Dr. Alveda King: 'We're One Human Race and We Need to Get Along'

Tuesday, 16 Jul 2013 11:11 PM

By Bill Hoffmann

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The niece of civil-rights legend Dr. Martin Luther King is calling for calm in the wake of violence following the George Zimmerman verdict.

“We have to appeal to these young people not to be violent, but to be nonviolent and so that's the message for young people today,” Dr. Alveda King told “The Steve Malzberg Show” on Newsmax TV.

Story continues below video.



“We do deeply grieve what happened to Trayvon [Martin] but . . . we're one human race and we need to get along.”

King, pastoral associate and director of African-American Outreach for Priests for Life and Gospel of Life Ministries, made the comments amid reports of attacks on individuals by gangs who invoked the slain teenager’s name.

Tensions have risen across the nation since Zimmerman, a neighborhood watch volunteer in Sanford, Florida, was acquitted of murder and manslaughter in the shooting death of Martin, an unarmed African-American teen.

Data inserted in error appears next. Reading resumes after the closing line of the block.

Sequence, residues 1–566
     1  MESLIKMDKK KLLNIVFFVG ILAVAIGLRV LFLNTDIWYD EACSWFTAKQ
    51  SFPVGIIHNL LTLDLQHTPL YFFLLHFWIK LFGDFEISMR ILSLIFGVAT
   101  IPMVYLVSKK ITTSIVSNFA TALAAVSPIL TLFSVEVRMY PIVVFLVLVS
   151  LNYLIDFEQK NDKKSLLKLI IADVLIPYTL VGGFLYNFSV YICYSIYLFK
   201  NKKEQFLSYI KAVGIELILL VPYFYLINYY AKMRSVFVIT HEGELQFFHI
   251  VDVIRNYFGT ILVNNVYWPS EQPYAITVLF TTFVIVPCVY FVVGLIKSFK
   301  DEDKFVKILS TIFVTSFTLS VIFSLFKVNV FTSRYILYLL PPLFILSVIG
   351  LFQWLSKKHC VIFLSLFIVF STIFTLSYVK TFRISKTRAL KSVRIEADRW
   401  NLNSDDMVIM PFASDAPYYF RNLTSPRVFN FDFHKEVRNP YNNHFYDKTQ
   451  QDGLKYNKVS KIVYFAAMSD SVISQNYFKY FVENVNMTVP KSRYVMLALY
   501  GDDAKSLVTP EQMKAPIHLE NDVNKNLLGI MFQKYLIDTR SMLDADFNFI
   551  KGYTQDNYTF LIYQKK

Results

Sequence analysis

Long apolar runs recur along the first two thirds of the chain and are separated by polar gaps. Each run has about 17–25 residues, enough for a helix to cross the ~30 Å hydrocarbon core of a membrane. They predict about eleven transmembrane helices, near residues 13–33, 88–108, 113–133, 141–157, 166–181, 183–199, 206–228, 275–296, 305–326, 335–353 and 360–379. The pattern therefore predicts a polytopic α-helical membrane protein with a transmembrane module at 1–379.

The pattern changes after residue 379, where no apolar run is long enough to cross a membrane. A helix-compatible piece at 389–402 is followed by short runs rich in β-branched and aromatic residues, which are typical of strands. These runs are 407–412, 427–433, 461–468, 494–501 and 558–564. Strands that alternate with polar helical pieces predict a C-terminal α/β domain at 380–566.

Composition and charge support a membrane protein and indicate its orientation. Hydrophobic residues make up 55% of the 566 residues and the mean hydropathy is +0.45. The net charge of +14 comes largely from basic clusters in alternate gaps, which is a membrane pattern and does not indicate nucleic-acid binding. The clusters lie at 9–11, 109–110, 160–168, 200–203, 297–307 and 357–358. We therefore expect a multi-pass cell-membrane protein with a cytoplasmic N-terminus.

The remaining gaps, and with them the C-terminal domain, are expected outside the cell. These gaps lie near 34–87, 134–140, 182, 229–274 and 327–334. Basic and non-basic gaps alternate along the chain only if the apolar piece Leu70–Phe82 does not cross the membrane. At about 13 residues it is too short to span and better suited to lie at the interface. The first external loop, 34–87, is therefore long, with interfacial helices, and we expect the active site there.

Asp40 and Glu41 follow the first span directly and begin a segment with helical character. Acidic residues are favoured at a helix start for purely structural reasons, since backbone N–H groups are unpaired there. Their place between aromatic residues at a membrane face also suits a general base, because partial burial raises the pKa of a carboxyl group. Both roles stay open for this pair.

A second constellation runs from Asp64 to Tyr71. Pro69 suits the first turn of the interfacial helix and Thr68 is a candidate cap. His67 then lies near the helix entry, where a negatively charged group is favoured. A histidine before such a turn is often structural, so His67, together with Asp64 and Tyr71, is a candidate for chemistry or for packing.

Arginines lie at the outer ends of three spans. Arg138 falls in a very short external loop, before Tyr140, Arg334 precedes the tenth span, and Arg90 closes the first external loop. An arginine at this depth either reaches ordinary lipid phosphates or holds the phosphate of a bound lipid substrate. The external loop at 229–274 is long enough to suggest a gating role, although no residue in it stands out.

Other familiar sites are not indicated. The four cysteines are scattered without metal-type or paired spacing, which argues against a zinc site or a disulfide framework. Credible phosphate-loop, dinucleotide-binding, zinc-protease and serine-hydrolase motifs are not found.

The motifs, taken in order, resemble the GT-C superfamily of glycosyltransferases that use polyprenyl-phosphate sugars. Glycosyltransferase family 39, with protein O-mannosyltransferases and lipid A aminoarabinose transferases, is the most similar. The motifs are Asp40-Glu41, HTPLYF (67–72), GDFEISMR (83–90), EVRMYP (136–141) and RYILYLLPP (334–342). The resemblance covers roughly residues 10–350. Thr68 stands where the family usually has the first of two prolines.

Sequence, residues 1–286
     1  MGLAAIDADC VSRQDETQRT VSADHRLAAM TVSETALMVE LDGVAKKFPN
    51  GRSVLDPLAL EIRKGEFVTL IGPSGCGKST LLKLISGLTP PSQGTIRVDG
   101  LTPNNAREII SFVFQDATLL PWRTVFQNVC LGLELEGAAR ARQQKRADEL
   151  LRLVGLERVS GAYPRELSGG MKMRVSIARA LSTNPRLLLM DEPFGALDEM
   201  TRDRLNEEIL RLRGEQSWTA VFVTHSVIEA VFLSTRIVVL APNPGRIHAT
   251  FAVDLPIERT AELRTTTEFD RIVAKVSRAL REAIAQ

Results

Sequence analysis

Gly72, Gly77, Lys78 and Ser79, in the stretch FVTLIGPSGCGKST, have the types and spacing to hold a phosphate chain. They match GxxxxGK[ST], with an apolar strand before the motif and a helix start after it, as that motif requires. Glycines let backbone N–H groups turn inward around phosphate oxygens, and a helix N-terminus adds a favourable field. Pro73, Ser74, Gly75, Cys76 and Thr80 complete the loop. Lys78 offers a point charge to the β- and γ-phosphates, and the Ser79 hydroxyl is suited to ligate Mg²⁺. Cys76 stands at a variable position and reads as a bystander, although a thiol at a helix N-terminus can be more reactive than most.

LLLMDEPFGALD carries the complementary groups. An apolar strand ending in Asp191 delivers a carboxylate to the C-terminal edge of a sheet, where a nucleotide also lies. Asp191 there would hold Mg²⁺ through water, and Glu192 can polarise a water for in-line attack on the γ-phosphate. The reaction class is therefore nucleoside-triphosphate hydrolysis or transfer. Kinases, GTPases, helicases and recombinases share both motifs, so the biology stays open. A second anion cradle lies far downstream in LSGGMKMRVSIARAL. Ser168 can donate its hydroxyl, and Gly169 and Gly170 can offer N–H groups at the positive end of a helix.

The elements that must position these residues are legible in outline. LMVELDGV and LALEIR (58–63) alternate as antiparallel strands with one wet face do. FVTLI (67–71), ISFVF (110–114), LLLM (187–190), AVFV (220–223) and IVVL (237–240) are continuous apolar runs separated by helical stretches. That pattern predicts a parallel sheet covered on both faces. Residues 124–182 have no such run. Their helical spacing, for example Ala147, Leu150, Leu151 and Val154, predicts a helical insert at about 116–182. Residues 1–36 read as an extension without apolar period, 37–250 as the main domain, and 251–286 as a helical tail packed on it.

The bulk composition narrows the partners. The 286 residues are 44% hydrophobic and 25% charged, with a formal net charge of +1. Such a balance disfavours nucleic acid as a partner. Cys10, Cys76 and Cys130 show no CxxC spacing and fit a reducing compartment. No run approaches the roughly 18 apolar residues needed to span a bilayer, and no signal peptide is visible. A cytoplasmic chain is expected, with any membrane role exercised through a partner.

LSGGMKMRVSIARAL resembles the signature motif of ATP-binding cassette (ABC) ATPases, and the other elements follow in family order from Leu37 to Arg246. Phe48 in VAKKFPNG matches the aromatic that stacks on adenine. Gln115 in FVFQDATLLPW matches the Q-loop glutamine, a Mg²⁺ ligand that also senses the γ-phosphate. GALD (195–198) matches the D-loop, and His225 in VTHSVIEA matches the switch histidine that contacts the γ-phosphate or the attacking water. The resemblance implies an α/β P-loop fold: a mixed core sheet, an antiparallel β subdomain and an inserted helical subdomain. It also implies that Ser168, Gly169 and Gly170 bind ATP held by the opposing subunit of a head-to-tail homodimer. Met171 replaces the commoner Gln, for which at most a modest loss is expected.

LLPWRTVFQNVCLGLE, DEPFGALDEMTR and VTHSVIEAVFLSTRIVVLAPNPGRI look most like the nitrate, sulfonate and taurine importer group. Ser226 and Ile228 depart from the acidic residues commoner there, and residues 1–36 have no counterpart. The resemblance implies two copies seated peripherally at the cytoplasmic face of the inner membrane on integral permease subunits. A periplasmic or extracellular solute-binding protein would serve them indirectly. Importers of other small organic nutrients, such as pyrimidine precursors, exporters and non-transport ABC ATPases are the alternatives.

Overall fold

See the Steve Malzberg Show on Newsmax TV each weekday live by Clicking Here Now

King, a Newsmax columnist, also urged the media not to fan the flames by sensationalizing aspects of the Zimmerman case as it reports on its aftermath.

“I say to the media, stop it. Stop instigating. Please … I’m talking to you and you’re asking with sincerity and integrity,” she said.

“I don’t want to put everybody in the same category, but if you’re in the media and you’re inspiring people to violence, ask yourself why you’re doing that.”

You can listen to the Steve Malzberg Show each weekday live from 3-6 PM ET on SiriusXM 244.

In her latest Newsmax column, she said she sympathizes with the "unfathomable loss"  that Martin's death represents. "I’m so sorry that your son will not be able to realize his dreams on this Earth," she wrote. "But I hope that everyone on both sides of this painful issue will choose a peaceful way to honor Trayvon’s memory."

She told host Steve Malzberg that she hopes this will be a "tranformational moment in history that we can look back and tell our children and grandchildren and great-grandchildren, I was part of a movement that asked America to . . . act nonviolently," she asserted. "This is a transformational moment. Let’s take that moment and act together.”

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